Suddenly I saw a light in front of us, and we stopped just outside an opening in the woods where the remnants of a fire smoldered. As I was about to step into the opening, something brushed against my ankle and lower leg. At first it felt like someone was lightly rubbing a feather against my skin. It tickled a little, and it felt nice . . . maybe even relaxing . . . after our stressful journey through the woods. I relaxed for just a moment, and then whatever was brushing so lightly on my leg wrapped itself around my ankle like a vine and started tugging me backward. The Little Green Dude quickly turned around and sprinkled some of his green dust on my foot. The vine dried up and broke away, and the Little Green Dude pulled me over the threshold into his leprechaun living room. He gave me a little hug and said, “Ye be safe here, Lassie.”

I was shaken, but I was also amazed at my surroundings. A bright full moon shone over this
clearing, even though it is not time for a full moon right now. The fire was little more than embers, but the moon gave the clearing the soft lighting that lamps provide in our homes. The Little Green Dude took me over to 2 cypress stumps and asked me to sit while he gathered wood to stoke the fire. I sat on the shorter stump. Suddenly I was cold and shaking. The Little Green Dude noticed. He brought me a beer and said, “Here, Lassie, drink this. It will warm ye bones.” In a few minutes the fire was blazing and warming us both.

As soon as I got warmed up a little, I remembered why I was in the woods to begin with. I demanded to see “my” pot of gold. The leprechaun snorted, “Don’t ye mean MY gold. I be the one whut pertected it all these years!” I admitted that I had gotten a little carried away, but reminded him that I would be taking the gold with me because that was the promise. He nodded and motioned for me to follow him. We went over to a tree that had a painting of a beautiful Lady Leprechaun hanging on it. The Little Green Dude kicked away some leaves and moss at the base of this tree. Underneath there was an old worn out rug. The leprechaun picked the rug up and gave it a little shake to reveal a wooden door in the ground.

We walked
down into a structure that resembles a storm shelter. I said as much to the little leprechaun. He laughed at me and said, “Well, Lassie, we are living in tornado alley. Ye think ye humans are the only ones that tornados hurt?” I felt a little ashamed of myself for making such a stupid statement. At the bottom of the stairs, there was another door. When the Little Green Dude opened that door, the whole room was brightly lit. Don’t ask me how. It just was. The pot of gold sat in the middle of the room, and it is HUGE. I never imagined it to be so large. It is at least as big as my truck. There is a ladder on the side because, naturally, the Little Green Dude needs to be able to get to the top. I am still amazed at the massive size of this pot full of gold. I asked the Little Green Dude how much gold there is here. He nodded and replied, “about 3 million in American dollars.” I could hardly believe it.

“I never dreamed there would be so much,” I whispered.

“Why do you think they call it the CACHE River, Lassie,” he asked with a twinkle in his eye.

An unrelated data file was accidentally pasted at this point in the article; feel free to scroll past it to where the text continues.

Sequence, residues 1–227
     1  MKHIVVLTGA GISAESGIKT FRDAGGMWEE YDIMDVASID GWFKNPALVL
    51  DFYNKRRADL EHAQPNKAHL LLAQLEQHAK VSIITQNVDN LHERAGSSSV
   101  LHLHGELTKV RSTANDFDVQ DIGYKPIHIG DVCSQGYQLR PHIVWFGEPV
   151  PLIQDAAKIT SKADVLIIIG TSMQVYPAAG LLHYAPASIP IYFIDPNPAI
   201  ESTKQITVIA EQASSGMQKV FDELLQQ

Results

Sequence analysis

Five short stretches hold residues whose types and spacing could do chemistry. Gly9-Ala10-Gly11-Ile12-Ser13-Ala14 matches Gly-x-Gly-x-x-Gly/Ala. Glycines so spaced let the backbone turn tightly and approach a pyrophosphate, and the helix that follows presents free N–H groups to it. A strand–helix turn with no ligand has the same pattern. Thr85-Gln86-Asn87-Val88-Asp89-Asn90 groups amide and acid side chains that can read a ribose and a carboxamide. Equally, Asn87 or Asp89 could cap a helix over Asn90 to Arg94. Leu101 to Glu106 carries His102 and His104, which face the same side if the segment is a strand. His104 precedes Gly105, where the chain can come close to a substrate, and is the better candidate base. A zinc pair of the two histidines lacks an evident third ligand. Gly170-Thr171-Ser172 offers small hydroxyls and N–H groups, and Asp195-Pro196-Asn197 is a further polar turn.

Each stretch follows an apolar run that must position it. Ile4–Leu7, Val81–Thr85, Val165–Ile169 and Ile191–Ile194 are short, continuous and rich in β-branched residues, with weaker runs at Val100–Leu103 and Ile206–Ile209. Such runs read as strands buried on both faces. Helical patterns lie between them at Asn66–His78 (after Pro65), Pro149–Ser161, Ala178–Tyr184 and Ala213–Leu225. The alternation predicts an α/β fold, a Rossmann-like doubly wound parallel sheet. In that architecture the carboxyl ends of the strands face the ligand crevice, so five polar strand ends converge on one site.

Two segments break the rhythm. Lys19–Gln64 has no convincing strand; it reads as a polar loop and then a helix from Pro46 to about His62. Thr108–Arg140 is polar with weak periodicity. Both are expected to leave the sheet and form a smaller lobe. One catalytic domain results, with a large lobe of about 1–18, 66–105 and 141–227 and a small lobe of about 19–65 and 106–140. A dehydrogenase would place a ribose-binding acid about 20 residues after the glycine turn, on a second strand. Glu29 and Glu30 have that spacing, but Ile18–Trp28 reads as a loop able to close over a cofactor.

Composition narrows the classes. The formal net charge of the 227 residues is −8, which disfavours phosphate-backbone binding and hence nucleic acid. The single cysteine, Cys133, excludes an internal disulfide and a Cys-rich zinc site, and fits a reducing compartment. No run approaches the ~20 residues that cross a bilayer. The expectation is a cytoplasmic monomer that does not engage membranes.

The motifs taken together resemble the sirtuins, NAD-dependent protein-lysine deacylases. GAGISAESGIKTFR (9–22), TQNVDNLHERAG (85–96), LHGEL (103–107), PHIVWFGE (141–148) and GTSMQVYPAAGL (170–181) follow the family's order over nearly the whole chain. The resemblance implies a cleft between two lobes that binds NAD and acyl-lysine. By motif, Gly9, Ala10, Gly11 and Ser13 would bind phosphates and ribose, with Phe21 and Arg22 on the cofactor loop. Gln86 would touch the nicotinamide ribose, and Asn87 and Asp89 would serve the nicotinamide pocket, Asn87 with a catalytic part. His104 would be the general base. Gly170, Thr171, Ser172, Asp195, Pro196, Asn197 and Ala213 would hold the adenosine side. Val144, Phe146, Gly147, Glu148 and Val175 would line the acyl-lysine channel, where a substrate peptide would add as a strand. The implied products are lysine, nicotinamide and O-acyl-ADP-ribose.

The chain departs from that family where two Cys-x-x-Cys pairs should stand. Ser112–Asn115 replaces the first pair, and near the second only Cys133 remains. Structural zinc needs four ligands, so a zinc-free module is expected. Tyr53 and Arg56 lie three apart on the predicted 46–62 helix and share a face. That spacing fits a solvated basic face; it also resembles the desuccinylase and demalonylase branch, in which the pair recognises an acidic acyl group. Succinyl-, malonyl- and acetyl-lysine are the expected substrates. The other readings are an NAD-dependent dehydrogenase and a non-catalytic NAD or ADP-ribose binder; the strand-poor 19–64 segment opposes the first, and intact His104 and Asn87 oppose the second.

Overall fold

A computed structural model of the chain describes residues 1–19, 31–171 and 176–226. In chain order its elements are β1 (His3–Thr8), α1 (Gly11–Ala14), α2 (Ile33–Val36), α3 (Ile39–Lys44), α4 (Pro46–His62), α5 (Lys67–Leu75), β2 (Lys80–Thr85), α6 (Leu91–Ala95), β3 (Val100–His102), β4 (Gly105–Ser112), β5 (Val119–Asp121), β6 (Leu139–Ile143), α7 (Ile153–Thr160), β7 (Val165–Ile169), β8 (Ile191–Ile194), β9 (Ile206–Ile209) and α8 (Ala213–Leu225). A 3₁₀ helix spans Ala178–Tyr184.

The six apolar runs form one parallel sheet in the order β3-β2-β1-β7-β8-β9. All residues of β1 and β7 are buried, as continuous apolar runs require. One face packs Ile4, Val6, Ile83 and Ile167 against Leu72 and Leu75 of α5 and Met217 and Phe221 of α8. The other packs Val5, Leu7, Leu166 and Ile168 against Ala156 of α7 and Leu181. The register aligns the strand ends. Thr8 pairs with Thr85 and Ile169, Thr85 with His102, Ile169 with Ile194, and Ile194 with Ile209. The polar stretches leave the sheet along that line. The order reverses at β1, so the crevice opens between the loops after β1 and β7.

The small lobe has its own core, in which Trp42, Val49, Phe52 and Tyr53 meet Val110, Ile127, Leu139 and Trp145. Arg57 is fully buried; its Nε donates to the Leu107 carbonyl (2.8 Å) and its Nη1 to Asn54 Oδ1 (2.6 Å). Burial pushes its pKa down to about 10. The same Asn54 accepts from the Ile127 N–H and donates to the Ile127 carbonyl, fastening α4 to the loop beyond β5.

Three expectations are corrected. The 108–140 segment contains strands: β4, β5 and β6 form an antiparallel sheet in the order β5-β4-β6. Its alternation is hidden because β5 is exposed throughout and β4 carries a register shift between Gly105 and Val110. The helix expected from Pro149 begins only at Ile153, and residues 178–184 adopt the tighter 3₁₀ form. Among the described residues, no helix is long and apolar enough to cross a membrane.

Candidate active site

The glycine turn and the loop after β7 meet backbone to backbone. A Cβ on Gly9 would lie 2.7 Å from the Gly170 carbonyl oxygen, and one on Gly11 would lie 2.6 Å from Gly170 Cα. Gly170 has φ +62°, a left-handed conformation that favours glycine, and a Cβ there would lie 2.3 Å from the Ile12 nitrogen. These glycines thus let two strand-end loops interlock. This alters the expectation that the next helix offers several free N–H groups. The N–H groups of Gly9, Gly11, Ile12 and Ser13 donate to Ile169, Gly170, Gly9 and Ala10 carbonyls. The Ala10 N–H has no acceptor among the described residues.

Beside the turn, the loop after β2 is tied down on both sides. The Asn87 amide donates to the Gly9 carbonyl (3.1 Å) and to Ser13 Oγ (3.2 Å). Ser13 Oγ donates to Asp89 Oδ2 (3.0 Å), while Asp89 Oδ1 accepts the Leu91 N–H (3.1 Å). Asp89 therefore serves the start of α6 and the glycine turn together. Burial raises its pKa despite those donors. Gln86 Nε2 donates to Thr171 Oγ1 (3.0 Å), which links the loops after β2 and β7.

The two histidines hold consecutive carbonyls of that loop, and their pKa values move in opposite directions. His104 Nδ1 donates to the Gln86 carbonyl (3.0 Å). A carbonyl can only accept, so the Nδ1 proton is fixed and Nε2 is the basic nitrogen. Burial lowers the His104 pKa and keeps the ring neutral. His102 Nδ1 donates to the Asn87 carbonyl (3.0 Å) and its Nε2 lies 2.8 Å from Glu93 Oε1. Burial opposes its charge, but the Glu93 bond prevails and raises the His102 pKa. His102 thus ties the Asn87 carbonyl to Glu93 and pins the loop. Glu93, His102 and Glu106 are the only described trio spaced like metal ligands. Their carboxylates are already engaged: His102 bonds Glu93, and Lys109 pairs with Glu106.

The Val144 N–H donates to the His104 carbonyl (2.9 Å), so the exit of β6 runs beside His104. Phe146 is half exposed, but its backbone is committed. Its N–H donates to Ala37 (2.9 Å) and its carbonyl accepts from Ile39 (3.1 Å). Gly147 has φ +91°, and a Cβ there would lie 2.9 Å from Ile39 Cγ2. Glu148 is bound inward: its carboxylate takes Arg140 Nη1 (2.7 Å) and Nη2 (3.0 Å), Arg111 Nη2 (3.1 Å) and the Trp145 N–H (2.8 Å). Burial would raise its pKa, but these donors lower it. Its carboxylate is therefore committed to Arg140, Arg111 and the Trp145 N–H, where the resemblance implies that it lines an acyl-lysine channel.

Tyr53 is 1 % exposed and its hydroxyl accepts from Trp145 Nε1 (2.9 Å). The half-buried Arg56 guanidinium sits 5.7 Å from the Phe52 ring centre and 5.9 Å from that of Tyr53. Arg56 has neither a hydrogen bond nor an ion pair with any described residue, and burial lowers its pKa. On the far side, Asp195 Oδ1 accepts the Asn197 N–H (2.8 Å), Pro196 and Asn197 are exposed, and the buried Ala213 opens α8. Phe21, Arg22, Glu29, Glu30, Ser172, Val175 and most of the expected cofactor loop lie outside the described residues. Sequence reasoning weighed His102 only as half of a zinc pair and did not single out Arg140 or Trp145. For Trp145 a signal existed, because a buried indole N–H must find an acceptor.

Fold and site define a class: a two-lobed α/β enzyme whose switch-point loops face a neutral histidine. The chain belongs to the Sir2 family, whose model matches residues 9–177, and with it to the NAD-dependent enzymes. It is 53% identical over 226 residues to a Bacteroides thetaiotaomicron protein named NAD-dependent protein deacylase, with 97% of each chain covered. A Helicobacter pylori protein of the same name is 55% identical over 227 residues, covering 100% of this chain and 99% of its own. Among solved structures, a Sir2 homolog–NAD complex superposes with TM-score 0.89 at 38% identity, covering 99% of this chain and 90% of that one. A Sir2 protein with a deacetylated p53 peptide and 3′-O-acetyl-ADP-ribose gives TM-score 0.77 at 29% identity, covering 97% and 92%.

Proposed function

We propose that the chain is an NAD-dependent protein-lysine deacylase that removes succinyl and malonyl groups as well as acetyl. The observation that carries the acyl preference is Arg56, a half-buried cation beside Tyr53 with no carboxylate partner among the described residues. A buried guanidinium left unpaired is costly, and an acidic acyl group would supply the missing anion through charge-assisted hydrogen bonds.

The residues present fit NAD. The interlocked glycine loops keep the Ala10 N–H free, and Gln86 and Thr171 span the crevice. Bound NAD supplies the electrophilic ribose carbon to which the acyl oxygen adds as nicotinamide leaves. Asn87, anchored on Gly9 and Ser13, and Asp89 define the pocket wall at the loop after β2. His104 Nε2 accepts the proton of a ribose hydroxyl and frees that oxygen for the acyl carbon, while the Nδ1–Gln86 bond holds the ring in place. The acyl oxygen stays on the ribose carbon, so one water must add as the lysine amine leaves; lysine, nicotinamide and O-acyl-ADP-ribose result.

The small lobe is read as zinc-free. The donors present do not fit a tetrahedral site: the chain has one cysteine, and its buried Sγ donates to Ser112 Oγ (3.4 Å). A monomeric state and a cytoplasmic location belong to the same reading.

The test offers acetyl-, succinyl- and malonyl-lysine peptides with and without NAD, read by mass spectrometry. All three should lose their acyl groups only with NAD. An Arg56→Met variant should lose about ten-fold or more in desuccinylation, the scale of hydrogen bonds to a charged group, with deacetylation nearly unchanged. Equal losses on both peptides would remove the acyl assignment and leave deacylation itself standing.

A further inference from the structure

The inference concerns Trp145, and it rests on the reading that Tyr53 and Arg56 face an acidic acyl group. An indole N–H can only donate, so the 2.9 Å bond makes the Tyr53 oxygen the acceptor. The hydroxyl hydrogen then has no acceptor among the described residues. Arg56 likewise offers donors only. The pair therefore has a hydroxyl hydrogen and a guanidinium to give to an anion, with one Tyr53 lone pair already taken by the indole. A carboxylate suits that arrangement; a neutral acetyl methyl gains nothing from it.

The Little Green Dude tugged on my arm, and motioned towards the door. “Let’s go get warm by the fire. I have showed ye me gold. Ye will be taking it away from me soon, and then I will have nothing to guard anymore. At least keep me company and share a beer before ye leave. I don’t often have the company.” He had such a wistful lonely look in his face that I could not resist (not to mention I ain’t never been one to turn down a beer). So we started back up the steps.

I sat down on the shorter cypress stump again while the Little Green Dude went after the beer. When he came back, he handed me a beer and climbed up on the taller stump. This arrangement put us eye to eye for the first time. I took a sip of my beer and turned to the painting on the tree, asking, “Is that your mother?”

The Little Green Dude dropped his eyes and slowly shook his head. “No, Lassie. That there be the love of me life. “

“So . . . you are married?”

“Aw. No, Sweet Lassie. Ourn love weren’t meant to be.”

“What happened to her,” I whispered.

The Little Green Dude sat in silence for a minute before he wiped the tears away, raised his head, and asked if I was ready for another beer. Not wanting to appear rude, I agreed to join him in just one more. While he was gone after the beers, I thought about how much different he was from what I expected. I always thought leprechauns were happy and full of energy – even a bit rowdy. I never thought of them as romantics. That’s why I asked again after we opened our beers, “What happened to her?”

“It be a long story, Lassie.”
I winked at him and asked, “Did ya have something else planned?”

The Little Green Dude put another log on the fire and took a deep draw from his beer before he began his story.

“I not be a young leprechaun, Lassie. I be 88 year old in 2 more moons. I be all alone out here in these woods now, but it hasn’t always been that way. There used to be hundreds of usins out here in these here woods.”

The little leprechaun had my attention, so I asked, “What happened to the others?”

“That be a sad and tragick story, Lassie. Remember the tree I showed ye back by the beaver dam?”

I nodded in silence.

“Well, Lassie, that there used to be one big beaver dam, and there used to be hundreds of usins. You know, Lassie, that leprechauns usually live with the beavers. Ye know how youins like to habitate with dogs and cats?”

I chuckled a little at his choice of words, and nodded my head, “yes.”